IGBT datasheet parameters
Gate-emitter threshold voltage VGE(th)
This parameter represents the gate voltage, which initiates a current flow from collector to emitter. Figure 7
depicts the detailed temperature behavior of the gate threshold voltage.
Figure 7
Gate –emitter threshold voltage as a function of the junction temperature
Leakage currents ICES and IGES
These parameters indicate the upper limit of leakage current between collector and emitter (ICES) or gate and
emitter (IGES). They are normally determined by the technology as well as the manufacturing and process
tolerances. Note that ICES correlates to the breakdown voltage. When the device is in off-mode with voltage
applied between collector and emitter, ICES flows in the IGBT and it introduces some quiescent losses. In
order to reduce the impact of these losses, ICES has to be kept as low as possible during the development
phase. A low leakage value would contribute to higher quality and reliability of the final product as well.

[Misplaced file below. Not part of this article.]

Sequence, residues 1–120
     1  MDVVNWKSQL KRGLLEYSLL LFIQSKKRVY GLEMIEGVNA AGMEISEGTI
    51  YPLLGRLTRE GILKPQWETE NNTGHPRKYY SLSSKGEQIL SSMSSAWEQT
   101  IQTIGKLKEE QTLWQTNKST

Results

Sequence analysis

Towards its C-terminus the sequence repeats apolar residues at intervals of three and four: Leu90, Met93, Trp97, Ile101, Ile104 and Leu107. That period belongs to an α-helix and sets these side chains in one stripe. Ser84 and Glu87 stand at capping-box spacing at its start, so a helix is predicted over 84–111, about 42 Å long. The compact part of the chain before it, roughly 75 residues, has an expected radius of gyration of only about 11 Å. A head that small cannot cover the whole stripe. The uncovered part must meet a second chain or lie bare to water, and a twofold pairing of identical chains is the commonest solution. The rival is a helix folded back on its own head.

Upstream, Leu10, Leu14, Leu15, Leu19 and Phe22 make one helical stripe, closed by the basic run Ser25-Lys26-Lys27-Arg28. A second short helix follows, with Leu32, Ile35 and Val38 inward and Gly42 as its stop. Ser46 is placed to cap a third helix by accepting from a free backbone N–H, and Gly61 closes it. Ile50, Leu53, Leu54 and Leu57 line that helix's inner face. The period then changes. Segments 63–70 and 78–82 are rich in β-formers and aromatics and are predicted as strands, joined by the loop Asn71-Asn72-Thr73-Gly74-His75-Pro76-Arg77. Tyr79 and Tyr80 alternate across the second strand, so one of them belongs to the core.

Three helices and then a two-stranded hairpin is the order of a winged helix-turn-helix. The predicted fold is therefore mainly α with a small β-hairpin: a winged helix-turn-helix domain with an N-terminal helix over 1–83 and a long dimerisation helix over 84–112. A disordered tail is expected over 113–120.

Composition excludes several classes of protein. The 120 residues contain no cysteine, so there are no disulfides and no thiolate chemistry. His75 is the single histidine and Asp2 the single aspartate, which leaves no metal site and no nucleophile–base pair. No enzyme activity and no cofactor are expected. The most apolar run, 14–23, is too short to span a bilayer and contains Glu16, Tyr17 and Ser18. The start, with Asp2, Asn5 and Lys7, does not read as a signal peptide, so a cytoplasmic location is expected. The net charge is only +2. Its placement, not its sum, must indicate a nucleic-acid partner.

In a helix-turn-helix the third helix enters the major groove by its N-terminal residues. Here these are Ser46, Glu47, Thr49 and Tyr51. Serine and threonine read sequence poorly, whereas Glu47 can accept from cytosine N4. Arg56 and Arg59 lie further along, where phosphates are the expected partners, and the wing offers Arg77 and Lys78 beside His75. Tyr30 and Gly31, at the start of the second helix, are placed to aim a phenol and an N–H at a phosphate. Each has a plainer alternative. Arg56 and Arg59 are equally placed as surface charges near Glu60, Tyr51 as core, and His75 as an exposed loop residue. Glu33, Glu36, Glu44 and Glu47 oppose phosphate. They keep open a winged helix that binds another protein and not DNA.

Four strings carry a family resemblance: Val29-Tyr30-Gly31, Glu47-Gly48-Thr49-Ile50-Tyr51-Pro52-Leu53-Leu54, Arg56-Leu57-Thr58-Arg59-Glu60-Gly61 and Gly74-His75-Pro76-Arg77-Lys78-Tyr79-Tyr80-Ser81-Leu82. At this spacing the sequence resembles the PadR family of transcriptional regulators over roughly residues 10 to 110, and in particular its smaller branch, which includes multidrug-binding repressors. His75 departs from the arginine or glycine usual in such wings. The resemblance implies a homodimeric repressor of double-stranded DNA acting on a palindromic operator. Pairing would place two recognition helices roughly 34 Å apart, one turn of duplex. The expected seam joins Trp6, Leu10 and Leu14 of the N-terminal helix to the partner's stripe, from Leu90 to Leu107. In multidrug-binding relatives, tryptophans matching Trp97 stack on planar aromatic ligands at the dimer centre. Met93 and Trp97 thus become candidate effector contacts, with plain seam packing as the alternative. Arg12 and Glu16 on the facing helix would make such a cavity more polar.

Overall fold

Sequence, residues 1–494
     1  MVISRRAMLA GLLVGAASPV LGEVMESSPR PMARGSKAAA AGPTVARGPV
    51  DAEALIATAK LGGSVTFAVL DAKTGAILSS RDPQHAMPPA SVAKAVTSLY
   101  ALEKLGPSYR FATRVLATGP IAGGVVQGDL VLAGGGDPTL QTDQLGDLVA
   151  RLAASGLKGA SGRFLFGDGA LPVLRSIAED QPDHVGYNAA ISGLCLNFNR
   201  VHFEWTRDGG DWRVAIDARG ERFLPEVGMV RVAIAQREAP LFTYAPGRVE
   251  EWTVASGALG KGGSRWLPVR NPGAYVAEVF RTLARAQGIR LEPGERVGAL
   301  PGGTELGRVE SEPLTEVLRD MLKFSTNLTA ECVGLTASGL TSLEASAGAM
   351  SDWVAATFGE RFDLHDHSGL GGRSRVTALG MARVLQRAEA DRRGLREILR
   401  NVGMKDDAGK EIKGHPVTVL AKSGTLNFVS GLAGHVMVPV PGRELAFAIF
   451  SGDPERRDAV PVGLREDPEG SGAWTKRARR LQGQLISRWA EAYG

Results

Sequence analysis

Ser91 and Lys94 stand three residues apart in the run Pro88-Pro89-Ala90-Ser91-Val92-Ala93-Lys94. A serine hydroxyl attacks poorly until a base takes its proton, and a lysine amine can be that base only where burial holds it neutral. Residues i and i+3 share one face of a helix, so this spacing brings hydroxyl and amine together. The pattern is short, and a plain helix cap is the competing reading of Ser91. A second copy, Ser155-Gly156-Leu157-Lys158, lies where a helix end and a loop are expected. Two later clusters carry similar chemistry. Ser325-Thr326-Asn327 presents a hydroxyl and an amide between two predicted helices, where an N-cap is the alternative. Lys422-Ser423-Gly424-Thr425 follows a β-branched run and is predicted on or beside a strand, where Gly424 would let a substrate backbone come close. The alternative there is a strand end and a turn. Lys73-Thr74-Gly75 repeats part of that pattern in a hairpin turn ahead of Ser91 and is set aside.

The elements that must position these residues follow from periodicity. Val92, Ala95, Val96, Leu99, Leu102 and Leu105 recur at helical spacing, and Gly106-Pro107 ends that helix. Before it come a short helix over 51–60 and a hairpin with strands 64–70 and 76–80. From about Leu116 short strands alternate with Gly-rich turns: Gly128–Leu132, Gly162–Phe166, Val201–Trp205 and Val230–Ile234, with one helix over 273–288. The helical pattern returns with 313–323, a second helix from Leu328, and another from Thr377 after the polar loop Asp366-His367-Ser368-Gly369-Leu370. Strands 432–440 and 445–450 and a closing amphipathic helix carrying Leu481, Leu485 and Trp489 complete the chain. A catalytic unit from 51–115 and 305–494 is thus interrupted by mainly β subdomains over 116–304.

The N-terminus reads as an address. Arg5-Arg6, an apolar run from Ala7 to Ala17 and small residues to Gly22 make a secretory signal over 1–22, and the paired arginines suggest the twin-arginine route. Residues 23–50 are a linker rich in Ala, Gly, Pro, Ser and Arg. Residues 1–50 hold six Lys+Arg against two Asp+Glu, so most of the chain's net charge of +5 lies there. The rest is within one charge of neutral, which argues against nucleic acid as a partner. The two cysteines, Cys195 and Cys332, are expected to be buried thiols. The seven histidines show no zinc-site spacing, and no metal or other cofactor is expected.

The leakage current specification at Tvj = 175°C is not relevant in typical applications, because the device’s
junction temperature cannot reach 175°C in off-state. Therefore, datasheets of new products do not include
the maximum value at Tvj = 175°C anymore. A typical value is specified instead.
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Explanation of discrete IGBTs' datasheets
IGBT datasheet parameters
Transconductance gfs
The transconductance gfs stands for the current flow variation according to a gate voltage change. As
presented in Figure 8, the curve’s slope at every single point is exactly the transconductance value for a
specific collector current, gate voltage and temperature condition.